Calabasas bike lanes changed to accomadate hoverboarders


Daria Gershkovitch - Editor-in-Chief, Photo courtesy of Google Images

On April 1, Calabasas Mayor James R. Bozajian announced his new initiative to replace all bike lanes within the community with “hover lanes.” These new traffic lanes will be reserved for owners of hoverboards. Although hoverboards initially started off as a technological trend, they are quickly becoming one of Calabasas’ most common forms of transportation. Being a hoverboard enthusiast himself, Bozajian feels that it is important to ensure that all Calabasas residents will never have to suffer the pain of walking again. While many critique hoverboards, there is no denying that these self-balancing electric scooters are revolutionizing the future of transportation.

With the approval of the Calabasas City Council, Bozajian plans on spending around 419 million dollars on the new renovations. Since hoverboards cannot be safely operated on any terrain that is not perfectly smooth, the lanes will be paved with solid gold. Additionally, many traffic assistants such as lights, signals, railings and other additions will be added to the hover lanes to help aid traffic flow. Although the Calabasas City Council is struggling to tax enough residents and embezzle enough funds to enable this plan, they have assured hoverboarders everywhere that they will have the best transportation experience possible.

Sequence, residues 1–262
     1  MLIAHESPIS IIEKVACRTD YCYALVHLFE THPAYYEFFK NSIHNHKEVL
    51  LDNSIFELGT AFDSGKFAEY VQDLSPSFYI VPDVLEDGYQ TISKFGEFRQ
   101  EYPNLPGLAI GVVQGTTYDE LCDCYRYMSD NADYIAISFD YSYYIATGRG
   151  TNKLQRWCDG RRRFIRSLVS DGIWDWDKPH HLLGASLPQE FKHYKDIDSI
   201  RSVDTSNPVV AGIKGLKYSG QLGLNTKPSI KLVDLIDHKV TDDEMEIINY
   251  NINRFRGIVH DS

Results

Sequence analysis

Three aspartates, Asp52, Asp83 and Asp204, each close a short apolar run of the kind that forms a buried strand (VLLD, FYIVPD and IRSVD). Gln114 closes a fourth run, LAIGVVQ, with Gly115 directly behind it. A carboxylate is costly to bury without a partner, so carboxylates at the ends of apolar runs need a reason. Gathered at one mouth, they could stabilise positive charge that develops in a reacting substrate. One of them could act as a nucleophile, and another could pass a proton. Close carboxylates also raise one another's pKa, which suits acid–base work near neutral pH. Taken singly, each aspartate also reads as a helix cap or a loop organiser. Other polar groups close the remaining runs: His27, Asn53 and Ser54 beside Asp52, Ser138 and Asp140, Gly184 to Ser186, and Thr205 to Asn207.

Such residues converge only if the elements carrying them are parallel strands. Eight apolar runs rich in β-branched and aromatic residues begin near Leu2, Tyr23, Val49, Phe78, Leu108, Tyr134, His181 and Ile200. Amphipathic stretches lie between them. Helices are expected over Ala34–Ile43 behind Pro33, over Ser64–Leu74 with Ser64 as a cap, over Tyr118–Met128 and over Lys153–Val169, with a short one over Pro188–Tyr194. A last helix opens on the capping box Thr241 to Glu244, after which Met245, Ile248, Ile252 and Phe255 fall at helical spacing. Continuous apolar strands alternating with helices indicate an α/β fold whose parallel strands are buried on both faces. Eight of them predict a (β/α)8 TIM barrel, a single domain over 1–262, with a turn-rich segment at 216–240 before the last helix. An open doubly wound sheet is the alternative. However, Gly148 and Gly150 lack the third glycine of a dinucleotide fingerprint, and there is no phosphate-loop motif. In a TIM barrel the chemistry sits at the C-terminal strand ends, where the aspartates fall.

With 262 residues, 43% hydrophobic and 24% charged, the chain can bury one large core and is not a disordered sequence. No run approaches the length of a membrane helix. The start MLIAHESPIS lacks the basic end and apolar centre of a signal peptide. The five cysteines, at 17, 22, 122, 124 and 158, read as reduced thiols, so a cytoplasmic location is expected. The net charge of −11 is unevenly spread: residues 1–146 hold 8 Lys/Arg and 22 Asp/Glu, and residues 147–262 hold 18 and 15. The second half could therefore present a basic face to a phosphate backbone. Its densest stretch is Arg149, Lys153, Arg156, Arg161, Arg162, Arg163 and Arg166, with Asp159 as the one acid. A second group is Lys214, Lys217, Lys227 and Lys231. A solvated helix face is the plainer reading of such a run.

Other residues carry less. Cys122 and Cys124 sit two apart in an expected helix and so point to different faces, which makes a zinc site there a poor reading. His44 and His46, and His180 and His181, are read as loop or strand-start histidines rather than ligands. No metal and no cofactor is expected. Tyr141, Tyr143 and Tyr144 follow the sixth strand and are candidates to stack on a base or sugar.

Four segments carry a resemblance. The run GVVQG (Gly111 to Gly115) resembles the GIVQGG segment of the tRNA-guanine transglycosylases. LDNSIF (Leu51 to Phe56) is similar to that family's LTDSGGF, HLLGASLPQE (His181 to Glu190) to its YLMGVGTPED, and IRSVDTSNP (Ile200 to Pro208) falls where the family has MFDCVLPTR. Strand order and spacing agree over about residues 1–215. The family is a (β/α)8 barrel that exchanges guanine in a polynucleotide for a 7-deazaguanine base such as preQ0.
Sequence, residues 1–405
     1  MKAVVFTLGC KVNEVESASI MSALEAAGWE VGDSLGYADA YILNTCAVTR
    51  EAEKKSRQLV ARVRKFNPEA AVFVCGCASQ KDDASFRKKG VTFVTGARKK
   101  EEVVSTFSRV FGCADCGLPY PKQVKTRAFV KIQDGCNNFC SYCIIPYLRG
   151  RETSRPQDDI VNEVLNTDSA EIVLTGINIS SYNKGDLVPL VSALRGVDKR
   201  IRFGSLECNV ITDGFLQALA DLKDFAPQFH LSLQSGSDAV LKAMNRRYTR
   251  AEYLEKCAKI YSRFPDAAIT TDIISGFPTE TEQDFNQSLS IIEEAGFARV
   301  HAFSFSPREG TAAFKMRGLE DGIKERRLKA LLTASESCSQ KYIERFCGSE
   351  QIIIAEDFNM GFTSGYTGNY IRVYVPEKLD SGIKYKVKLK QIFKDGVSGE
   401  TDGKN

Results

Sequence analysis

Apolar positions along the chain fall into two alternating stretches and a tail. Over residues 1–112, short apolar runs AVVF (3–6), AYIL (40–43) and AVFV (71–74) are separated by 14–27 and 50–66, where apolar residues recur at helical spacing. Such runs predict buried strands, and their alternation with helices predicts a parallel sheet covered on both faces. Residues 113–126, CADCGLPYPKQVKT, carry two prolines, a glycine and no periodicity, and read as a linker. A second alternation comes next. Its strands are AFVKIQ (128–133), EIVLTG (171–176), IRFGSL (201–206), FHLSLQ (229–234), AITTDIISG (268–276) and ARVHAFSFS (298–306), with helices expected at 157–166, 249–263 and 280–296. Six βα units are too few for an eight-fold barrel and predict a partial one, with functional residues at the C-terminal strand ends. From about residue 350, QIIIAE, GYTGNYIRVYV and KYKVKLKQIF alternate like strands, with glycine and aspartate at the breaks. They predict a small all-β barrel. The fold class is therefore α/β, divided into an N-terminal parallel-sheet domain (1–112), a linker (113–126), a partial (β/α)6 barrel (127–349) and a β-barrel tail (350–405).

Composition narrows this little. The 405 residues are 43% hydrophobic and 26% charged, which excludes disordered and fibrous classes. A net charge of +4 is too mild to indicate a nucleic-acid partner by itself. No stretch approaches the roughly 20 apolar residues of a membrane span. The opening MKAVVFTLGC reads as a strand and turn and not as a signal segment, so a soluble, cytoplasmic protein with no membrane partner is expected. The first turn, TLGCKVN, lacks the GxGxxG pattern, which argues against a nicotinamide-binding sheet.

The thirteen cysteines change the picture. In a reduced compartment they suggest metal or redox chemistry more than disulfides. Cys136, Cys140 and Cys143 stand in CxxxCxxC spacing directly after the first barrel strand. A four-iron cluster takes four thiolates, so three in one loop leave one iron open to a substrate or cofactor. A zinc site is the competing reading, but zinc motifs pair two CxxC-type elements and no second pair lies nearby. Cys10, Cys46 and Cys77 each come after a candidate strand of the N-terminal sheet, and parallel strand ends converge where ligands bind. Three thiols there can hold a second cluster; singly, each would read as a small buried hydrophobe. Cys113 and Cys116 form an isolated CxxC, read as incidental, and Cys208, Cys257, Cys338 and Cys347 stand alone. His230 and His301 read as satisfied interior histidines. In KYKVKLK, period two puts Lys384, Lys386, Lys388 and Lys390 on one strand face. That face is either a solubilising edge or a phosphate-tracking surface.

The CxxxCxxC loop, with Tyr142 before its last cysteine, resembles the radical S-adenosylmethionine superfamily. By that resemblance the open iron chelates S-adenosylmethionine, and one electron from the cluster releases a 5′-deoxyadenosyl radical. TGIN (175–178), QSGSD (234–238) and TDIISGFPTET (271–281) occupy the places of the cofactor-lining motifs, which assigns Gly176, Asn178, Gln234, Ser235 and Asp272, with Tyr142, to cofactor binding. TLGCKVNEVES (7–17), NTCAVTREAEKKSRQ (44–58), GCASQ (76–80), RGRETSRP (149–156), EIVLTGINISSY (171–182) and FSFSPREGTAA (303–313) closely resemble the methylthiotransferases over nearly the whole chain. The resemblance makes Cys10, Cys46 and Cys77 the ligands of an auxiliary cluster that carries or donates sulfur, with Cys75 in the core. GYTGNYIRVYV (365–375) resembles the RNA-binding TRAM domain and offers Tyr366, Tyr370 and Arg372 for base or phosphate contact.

“I am proud to be starting this new initiative and catalyzing a revolution in personal transportation,” said Mayor Bozajian. “Although we are investing a lot of money to pay for the new lanes, I believe it is a small price to pay for rolling to one’s destination a little faster than one could walk there.”

Despite some initial protest from cyclists, people have quickly realized that Bozajian’s initiative will only enhance the status and reputation of the Calabasas community. Similar to the equally trendy Segway, hoverboards use sensors to detect when the rider leans a certain direction, and, in turn, the motor spins the wheels to move in that way. However, the self-balancing board is a more compact and convenient way to commute to work, get to Soulcycle and travel to Starbucks.

“Being president of the Calabasas Mountain Biking Team, it is no secret that I love to pedal my bike,” said senior Seta Aghababian. “But I am totally in favor of changing all the bike lanes to hover board lanes.”

Due to the overwhelming support of the community, Bozajian and the Calabasas City Council have decided to begin construction as soon as possible. Although the construction of the hover lanes may interfere with other traffic projects being built, the construction company has assured local residents that the project will be finished in four years, maybe five. These hover lanes are a big victory for self-balancing electric scooter users everywhere. However, according the Department of Motor Vehicles, hoverboards are not considered motor vehicles so they cannot be registered. As a result, many hoverboard supporters are fighting to gain the right to operate their electrically motorized boards anywhere and everywhere.